Experimental manipulations were coded as being performed in the “light phase,” in the “dark phase,” or in “both phases,” if clear and consistent reporting was available for all procedures; we also noted whether circadian (zeitgeber) time was indicated for procedures. We categorized temporal information as “ambiguous” if clock time was stated without providing the light–dark cycle information or if the information could be inferred, but was not explicitly stated. We also categorized reports as “ambiguous” if circadian phase information was provided for some, but not all, key manipulations/procedures. Examples of “key” manipulations/procedures include behavioral tests, blood sampling, and tissue collection. The widespread practice of merely citing published methods in the description of an experimental manipulation was not regarded as adequate for the purposes of indicating vivarium LD cycle information or time-of-day information.

Vivarium photocycle information was coded as “reported” or “not reported” if such information was provided. If animals were exposed to natural photoperiods, then photocycle information was considered to be available if it could be determined from the latitude and time of year at which the experiment was performed.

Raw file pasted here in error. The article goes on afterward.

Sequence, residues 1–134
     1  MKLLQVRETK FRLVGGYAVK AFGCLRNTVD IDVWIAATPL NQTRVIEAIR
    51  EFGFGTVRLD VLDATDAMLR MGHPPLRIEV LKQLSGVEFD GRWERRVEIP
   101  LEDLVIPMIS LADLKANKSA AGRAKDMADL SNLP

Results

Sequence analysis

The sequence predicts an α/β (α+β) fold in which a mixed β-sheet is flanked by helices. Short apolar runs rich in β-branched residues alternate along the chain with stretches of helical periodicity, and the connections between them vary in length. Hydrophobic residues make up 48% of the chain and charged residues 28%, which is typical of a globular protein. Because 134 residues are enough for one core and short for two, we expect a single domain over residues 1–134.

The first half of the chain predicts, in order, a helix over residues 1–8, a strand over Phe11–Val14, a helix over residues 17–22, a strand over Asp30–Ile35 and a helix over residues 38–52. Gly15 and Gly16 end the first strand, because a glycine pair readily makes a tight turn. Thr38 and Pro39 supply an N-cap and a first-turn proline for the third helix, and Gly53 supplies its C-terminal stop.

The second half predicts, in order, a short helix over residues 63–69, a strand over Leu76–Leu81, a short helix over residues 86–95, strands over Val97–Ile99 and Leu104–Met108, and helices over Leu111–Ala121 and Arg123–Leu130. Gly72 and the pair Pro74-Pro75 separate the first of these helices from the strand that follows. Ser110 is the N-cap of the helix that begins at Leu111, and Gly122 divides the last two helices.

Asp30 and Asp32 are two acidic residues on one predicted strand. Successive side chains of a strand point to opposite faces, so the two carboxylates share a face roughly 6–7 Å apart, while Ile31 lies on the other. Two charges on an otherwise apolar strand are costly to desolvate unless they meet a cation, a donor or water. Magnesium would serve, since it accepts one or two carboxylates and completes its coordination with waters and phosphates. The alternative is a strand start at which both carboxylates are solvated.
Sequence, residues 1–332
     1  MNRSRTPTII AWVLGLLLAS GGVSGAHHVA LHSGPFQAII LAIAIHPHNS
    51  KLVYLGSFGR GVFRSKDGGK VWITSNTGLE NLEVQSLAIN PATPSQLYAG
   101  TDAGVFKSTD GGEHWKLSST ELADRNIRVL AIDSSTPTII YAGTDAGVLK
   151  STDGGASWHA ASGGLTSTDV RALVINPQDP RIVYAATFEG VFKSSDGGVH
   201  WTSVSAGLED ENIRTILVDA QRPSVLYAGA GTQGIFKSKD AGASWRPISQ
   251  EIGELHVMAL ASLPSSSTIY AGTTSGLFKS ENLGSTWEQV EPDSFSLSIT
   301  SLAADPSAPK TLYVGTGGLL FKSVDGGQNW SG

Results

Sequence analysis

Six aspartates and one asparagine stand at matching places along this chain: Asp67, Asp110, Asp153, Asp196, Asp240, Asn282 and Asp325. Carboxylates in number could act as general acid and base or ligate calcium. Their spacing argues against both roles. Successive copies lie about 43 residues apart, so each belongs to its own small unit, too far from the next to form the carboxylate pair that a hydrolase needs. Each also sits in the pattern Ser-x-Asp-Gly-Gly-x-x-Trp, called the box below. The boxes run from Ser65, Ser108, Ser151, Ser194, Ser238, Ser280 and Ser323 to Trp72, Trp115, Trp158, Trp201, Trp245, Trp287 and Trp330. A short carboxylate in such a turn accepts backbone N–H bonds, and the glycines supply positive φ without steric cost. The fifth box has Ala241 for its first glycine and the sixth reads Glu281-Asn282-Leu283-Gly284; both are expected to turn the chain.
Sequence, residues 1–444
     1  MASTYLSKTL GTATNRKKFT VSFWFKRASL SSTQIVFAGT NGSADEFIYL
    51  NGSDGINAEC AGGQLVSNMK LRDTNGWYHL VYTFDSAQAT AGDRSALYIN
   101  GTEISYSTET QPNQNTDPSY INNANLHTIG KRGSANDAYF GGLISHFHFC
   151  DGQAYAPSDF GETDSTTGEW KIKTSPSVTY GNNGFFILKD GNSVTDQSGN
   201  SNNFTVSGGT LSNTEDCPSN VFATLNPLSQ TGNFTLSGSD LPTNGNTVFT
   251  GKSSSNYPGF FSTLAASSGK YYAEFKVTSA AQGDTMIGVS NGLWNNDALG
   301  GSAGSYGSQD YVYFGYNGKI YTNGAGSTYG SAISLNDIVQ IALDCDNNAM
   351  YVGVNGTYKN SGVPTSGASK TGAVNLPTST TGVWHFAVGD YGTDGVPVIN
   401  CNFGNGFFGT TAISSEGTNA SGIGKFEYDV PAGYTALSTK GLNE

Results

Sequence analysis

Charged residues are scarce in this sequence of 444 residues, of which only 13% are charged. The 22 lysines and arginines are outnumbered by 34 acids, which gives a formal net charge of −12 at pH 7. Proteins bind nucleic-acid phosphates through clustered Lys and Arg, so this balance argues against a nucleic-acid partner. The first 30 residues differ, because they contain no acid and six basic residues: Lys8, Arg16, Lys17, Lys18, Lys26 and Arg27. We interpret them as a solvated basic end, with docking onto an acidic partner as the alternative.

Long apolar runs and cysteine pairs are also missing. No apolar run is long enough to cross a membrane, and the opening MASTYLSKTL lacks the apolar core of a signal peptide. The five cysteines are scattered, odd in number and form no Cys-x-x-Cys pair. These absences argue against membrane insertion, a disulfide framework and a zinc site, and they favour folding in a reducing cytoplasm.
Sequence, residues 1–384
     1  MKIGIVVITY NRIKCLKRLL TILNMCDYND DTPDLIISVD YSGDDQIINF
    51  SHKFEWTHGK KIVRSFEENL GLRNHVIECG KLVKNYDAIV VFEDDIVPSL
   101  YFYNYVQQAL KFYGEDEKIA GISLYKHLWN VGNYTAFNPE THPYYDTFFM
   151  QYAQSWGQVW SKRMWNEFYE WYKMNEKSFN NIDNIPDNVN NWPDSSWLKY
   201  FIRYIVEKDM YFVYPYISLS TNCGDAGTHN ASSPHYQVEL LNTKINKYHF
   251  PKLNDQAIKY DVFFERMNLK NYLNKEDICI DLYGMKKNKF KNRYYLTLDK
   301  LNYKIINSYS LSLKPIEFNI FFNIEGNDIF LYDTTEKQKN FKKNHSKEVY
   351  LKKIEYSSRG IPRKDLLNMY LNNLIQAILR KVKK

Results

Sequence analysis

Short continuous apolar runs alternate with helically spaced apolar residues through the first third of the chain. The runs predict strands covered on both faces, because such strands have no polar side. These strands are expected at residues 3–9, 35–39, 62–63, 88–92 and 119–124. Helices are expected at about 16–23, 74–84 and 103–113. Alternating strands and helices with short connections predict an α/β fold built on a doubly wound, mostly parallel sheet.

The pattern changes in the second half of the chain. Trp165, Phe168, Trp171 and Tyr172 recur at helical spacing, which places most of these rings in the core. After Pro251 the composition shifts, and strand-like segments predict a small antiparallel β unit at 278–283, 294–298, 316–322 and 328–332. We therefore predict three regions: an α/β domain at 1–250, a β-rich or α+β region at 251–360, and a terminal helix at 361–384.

Prevalent among the reports surveyed were common behavioral assays of learning and memory (Morris water maze, Barnes test, conditioned place preference, fear conditioning, spontaneous alternation, novel object recognition, avoidance tasks) emotion-like behavior (spontaneous locomotion, open field, elevated plus, tail suspension, marble burying, forced swim, tail suspension, sucrose preference, splash test, social motivation), motor function (limb strength, Rotarod) and attention (pre-pulse inhibition), many of which use bright light as a component of the motivational paradigm, but may also be performed under conditions of darkness. Because these tests may be performed in the light or dark phase of the circadian cycle, and consistent with prior analyses [8], we classified these tests as “ambiguous” if they failed to report time of testing, provided time of testing for some, but not all tests, or provided the time of testing without linkage to a specific phase of the LD cycle. In addition, many of the top cited papers performed collection of blood, brain, feces, and other types of samples for analyses ex vivo. Because such collections may be readily performed during the light or dark phase, unless information about the phase of collection was available, these procedures were coded as “not reported.”

Finally, although it may be reasonable to assume that many other manipulations and dependent measures were collected during the typical workday, which commonly overlaps with the light phase of the experimental animals, many of these same procedures can also be performed during the dark phase. Moreover, many laboratories house animals in reversed light–dark cycles. Thus, with few exceptions (discussed in the “Results” above), if time-of-day information was not explicitly available, such measures were coded as “not reported.”